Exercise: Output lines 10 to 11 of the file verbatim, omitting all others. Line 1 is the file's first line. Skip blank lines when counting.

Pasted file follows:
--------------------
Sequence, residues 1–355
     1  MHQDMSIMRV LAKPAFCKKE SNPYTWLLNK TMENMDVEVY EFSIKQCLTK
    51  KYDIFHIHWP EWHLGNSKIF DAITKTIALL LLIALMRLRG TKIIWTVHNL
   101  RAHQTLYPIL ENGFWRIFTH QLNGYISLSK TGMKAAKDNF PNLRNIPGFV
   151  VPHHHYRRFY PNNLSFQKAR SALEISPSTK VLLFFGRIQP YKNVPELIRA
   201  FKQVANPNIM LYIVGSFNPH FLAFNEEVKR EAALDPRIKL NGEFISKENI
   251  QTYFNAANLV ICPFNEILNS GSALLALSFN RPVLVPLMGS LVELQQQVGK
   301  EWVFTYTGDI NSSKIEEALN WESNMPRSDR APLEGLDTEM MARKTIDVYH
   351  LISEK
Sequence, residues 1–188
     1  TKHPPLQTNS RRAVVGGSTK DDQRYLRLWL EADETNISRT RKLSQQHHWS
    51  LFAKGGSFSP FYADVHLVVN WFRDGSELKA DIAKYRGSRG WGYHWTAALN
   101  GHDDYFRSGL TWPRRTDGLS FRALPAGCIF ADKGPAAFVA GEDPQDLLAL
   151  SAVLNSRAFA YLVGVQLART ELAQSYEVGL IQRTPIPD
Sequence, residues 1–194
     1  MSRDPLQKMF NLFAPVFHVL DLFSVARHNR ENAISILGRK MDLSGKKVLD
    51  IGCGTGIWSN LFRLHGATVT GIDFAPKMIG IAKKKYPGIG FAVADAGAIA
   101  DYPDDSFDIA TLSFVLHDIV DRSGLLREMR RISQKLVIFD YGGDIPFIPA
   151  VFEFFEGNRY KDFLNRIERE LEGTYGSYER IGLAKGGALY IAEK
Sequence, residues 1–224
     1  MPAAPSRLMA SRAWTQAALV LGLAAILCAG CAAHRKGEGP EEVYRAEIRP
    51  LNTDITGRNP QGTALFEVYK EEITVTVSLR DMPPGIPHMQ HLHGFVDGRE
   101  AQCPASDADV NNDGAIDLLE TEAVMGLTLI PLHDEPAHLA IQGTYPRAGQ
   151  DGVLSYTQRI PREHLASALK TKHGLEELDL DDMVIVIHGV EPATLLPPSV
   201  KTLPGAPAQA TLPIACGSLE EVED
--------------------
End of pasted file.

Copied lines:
Sequence, residues 1–188
     1  TKHPPLQTNS RRAVVGGSTK DDQRYLRLWL EADETNISRT RKLSQQHHWS